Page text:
Communist China is allegedly forcing President Joseph Biden, Jr. to change American policies in order to "avoid conflicts" with them, a report said.
One America News Network said on Tuesday that the Chinese government is pushing Biden to change the United States policy for a better relationship framework. By better framework, this pertains to one of "mutual respect" and "win-win cooperation."
However, OANN said, China will not change its policies so as not to "violate its national sovereignty." Interestingly, the report also indicated that "Chinese officials said Biden must change U.S. policies to avoid conflicts."
The Chinese government has been praising Biden on how he has been running the American government so far. OANN added and pointed to a tweet made by Chinese Ambassador Deng Xijun on Saturday regarding this.
"China and the US share broad common interests & special, major responsibilities in safeguarding world peace, stability and prosperity. The common interests far outweigh our differences," Xijun said.
OANN also cited Center for Security Policy Financial Terrorism Expert Kevin Freeman regarding the changes China desires from the American government.
"They officially call for a replacement of the dollar for international transactions...the Chinese plan was derailed with the election of Donald Trump. With Biden, we can expect the Chinese to press forward at an even more rapid pace," Freeman said.
Last Jan. 7, the Harvard Business Review came out with projections on how the US-China relationship will be like.
"How the Biden administration handles the U.S. relationship with China will be not just crucial to Biden's presidency, but one of the defining themes of his time in office," the Harvard Business Review said.
"On balance, we can expect a rhetorically more civil U.S.-China relationship under Biden, including a willingness to engage on key international issues such as climate change, and less emphasis on punitive tariffs," the review stressed.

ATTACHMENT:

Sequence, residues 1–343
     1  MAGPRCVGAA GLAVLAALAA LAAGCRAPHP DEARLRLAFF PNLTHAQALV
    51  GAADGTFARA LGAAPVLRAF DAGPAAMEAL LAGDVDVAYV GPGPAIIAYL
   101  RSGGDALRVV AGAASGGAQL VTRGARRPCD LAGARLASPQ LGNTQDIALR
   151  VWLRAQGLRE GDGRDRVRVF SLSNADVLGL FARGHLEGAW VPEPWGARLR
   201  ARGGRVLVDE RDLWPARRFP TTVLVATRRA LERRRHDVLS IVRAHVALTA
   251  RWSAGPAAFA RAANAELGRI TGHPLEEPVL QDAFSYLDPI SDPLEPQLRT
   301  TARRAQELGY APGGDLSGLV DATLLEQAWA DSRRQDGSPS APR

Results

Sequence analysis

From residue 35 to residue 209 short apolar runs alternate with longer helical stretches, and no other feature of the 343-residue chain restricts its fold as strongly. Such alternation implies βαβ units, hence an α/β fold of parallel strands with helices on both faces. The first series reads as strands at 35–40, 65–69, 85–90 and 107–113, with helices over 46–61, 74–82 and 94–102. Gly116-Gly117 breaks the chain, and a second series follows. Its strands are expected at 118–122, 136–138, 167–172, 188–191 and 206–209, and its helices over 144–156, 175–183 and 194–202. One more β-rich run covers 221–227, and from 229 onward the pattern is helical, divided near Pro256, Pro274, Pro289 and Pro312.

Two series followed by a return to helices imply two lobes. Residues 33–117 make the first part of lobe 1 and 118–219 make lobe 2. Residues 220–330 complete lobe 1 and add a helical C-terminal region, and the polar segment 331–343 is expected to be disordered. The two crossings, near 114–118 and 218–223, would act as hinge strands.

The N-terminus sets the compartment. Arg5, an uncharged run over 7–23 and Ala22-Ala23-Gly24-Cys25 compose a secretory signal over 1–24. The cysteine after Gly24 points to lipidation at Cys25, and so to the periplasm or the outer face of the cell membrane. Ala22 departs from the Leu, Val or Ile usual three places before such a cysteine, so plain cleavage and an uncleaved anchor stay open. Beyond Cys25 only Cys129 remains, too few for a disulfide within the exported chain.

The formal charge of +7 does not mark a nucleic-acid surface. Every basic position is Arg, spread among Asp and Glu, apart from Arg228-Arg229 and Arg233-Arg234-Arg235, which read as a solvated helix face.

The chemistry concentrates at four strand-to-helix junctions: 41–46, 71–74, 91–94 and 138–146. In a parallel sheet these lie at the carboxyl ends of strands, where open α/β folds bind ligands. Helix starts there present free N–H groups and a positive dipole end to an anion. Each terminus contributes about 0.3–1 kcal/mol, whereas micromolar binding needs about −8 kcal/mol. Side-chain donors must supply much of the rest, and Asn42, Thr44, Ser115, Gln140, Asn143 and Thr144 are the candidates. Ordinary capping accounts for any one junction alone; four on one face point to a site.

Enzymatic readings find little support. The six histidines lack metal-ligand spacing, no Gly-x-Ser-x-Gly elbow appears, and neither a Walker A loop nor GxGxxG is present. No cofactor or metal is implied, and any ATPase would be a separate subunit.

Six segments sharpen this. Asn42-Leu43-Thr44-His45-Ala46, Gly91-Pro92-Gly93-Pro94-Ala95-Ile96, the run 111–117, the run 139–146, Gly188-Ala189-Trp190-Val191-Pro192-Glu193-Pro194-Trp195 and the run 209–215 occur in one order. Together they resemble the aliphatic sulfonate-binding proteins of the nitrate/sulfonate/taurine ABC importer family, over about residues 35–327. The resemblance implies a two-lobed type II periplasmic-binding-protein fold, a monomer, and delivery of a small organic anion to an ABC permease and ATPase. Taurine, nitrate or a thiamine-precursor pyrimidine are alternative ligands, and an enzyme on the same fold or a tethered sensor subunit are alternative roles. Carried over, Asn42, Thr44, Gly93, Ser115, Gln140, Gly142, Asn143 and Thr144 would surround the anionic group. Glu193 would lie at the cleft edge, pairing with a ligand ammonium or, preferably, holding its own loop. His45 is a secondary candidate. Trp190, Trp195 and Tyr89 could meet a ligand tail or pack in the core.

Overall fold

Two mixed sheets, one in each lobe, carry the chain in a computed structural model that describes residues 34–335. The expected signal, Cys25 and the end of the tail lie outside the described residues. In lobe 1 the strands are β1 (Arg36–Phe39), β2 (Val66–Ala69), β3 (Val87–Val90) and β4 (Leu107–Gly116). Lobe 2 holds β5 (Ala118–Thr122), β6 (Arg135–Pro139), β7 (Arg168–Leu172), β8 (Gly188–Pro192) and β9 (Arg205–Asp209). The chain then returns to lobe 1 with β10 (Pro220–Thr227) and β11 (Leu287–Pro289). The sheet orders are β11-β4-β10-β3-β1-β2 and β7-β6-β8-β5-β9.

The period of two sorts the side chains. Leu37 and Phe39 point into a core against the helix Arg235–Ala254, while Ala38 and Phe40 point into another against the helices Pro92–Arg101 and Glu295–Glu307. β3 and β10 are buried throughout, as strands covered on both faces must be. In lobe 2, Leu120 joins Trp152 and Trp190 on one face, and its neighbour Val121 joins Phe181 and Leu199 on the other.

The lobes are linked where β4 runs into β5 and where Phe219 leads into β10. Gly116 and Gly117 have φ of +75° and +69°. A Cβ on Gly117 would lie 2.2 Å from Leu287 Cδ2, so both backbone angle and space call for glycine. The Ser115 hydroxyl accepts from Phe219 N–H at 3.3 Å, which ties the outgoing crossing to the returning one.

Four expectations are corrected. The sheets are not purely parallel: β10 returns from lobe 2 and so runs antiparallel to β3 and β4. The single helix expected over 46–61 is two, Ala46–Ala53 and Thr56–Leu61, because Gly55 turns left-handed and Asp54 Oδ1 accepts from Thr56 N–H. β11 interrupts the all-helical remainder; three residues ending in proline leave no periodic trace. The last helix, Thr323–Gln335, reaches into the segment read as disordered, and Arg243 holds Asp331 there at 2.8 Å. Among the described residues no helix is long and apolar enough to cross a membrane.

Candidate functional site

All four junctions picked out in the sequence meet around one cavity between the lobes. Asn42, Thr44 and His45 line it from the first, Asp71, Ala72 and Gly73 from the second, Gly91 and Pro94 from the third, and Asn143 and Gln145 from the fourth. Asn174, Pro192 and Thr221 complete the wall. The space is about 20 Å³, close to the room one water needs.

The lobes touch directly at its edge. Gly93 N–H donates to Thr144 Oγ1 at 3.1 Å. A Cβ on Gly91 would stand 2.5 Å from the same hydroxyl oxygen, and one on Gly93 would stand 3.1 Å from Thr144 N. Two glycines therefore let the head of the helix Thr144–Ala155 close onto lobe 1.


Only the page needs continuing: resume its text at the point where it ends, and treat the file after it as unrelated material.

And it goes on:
"However, the U.S. will maintain pressure over perceived intellectual property theft, and there will be no winding back the clock to the Obama era, as China is now seen as a direct competitor in the emerging technologies which will define the economy of the future."
The Harvard Business Review added that their projections "show China continuing to whittle away the U.S.' economic lead over the next five years" in the face of persistent problems the former must overcome.
Previously, Time Magazine projected that "economics, nuclear proliferation, the climate crisis, human rights as well as possible military confrontations" are in the crossroads of America's relations with China, who looks forward to Biden taking a "multilteral approach, more coherence with US alliances."
"While there's no doubt that Biden would be tougher on China than Obama, many in diplomatic circles hope he could reopen lines of communication with Beijing to seek pragmatic solutions on trade, the environment, human rights and other issues. America still has many tools. The dollar's role as global reserve currency has become more important during the pandemic. And the U.S. still boasts the world's biggest economy, spearheading innovation," Time said in October.
Last Wednesday, the U.S. State Department said it has not changed its long-held One-China policy on Taiwan that is expected to "ease concern from both Beijing and Taipei," as per the South China Morning Post.
The said policy affirms the U.S.'s position that Taiwan and China "should resolve their disputes through peaceful dialogue."